There are a number of reports and outlets that help experts and executives keep their finger on the pulse of the construction industry. Curated by the Construction Dive staff, this page centralizes data from those resources and helps visualize it as a one-stop resource about construction industry spending, hiring, starts and billings. This construction industry data page is updated bimonthly.
While often revised in subsequent months, construction spending figures each month from the U.S. Commerce Department examine the private and public construction sectors. Within the private sector, the report tracks single-family residential, multifamily residential and nonresidential.
The labor shortage has consistently been a major challenge for construction companies. Each month, the Bureau of Labor Statistics releases job gains or losses in the industry and divides the figures into residential and nonresidential sectors.
Architecture Billings Index
The ABI, from the American Institute of Architects, serves as an indicator of future construction spending — with a lead time of about nine to 12 months — as design services lead to new commercial projects. Any mark above 50 on the ABI indicates an increase in billings.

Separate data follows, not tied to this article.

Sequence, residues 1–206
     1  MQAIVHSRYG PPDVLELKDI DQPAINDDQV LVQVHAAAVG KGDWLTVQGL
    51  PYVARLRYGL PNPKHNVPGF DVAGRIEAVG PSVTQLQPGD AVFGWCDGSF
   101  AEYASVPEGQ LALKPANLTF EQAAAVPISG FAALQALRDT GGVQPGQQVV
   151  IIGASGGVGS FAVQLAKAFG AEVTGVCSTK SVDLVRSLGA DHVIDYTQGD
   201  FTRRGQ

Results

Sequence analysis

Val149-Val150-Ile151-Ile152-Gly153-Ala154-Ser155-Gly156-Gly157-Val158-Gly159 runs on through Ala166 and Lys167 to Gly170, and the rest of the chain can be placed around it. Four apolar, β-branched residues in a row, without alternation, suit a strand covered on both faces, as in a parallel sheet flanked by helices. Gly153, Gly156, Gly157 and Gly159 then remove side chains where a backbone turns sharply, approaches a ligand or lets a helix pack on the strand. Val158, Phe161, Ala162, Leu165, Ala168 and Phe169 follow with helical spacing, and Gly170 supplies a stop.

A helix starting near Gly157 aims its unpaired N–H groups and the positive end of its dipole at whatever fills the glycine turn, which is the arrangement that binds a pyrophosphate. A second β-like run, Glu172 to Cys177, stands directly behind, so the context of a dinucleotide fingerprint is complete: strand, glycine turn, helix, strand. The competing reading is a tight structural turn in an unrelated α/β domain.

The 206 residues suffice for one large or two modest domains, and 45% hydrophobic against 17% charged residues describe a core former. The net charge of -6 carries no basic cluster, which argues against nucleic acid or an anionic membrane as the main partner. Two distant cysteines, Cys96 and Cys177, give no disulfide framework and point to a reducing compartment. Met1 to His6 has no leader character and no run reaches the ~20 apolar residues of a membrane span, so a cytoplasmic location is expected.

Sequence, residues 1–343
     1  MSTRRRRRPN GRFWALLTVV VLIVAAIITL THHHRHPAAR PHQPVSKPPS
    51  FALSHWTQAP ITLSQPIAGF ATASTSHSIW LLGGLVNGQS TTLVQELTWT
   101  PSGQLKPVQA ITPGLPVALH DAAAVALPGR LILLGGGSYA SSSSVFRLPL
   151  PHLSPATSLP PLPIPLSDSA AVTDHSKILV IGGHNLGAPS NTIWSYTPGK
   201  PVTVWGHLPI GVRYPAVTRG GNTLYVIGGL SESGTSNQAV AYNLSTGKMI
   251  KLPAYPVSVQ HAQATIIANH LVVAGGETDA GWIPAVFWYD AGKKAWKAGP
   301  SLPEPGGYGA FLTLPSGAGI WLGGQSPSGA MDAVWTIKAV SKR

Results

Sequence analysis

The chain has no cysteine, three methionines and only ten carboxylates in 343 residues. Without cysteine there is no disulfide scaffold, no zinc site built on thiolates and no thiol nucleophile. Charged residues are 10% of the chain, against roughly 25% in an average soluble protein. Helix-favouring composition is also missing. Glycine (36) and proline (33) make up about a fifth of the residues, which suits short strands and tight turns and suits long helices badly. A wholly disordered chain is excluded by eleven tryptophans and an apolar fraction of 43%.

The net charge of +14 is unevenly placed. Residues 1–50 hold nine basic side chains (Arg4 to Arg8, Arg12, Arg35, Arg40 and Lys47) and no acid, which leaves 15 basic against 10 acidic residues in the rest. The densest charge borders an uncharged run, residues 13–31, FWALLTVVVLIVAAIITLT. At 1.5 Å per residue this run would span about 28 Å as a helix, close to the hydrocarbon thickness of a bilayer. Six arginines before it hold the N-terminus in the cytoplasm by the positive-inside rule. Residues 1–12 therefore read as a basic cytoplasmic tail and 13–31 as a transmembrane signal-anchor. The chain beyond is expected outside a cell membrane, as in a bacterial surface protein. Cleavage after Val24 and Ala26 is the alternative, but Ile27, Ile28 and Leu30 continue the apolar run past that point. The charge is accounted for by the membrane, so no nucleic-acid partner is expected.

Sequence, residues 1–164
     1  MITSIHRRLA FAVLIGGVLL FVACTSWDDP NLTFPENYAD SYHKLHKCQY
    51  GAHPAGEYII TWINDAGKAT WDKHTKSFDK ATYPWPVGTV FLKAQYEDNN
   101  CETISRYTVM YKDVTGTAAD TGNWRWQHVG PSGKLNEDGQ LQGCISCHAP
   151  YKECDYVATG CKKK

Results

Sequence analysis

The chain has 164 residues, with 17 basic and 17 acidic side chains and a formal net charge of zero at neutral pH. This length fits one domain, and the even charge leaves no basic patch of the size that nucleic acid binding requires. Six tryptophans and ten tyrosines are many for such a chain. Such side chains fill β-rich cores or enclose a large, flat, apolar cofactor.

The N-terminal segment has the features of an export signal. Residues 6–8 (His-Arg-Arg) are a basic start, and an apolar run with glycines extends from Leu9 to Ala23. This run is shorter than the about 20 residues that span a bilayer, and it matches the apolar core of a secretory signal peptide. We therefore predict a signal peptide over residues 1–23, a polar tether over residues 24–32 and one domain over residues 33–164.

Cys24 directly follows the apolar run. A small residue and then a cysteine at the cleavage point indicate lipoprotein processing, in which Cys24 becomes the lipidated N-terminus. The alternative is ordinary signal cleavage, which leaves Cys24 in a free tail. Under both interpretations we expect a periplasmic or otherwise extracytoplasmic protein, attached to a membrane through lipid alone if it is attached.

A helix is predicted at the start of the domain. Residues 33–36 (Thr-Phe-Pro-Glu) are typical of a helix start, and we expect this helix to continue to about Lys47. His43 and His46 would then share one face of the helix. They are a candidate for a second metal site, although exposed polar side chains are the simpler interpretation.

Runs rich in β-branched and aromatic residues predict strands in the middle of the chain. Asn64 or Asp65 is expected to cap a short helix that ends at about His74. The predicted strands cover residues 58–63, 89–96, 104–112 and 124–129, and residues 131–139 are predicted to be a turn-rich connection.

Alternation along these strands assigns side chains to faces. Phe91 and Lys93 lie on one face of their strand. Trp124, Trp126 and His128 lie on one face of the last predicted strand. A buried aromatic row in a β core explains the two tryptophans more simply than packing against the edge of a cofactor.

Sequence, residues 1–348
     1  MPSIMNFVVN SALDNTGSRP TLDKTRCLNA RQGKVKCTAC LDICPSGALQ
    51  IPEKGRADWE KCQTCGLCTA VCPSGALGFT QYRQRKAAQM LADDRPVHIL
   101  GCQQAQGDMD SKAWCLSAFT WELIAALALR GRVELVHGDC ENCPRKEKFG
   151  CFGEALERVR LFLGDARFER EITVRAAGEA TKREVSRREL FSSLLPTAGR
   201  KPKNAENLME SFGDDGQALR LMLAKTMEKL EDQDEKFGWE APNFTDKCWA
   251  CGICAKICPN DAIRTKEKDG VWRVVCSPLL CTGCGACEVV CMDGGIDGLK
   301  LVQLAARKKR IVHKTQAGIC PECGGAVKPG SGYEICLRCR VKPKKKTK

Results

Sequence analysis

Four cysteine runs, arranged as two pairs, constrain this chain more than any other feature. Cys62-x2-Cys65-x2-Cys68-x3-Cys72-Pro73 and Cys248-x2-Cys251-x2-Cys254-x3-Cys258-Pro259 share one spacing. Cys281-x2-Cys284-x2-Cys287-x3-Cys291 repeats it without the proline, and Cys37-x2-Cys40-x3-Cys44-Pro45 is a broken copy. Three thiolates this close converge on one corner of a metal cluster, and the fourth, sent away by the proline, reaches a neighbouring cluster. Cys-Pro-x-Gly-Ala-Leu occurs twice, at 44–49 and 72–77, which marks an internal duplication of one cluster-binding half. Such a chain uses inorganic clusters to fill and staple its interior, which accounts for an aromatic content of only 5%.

Projects are growing more complex every year, driving the values of new construction up. Dodge Data & Analytics measures the seasonally adjusted value of total U.S. construction starts each month, as well as the value of starts in nonresidential, residential and nonbuilding categories.
Construction Confidence Index and backlog indicator
Associated Builders and Contractors assembles a monthly report of confidence in sales expectations, profit margin expectations and staffing expectations. A score above 50 indicates growth. Note: The reference months for the Construction Confidence Index data series were revised on May 12, 2020. All previously reported quarters and months shifted forward by one period to better reflect the timing of when the surveys were conducted.
The ABC backlog indicator is forward-looking economic metric that reflects the amount of work under contract that will be performed by commercial and industrial construction contractors in the months ahead.
Twice a year, Rider Levett Bucknall collects data on the number of cranes in North American cities. This can be an indicator of the health of the construction market, specifically for high rises and multi-family construction. Here, Construction Dive displays the change in the number of cranes counted in U.S. cities from RLB's reports.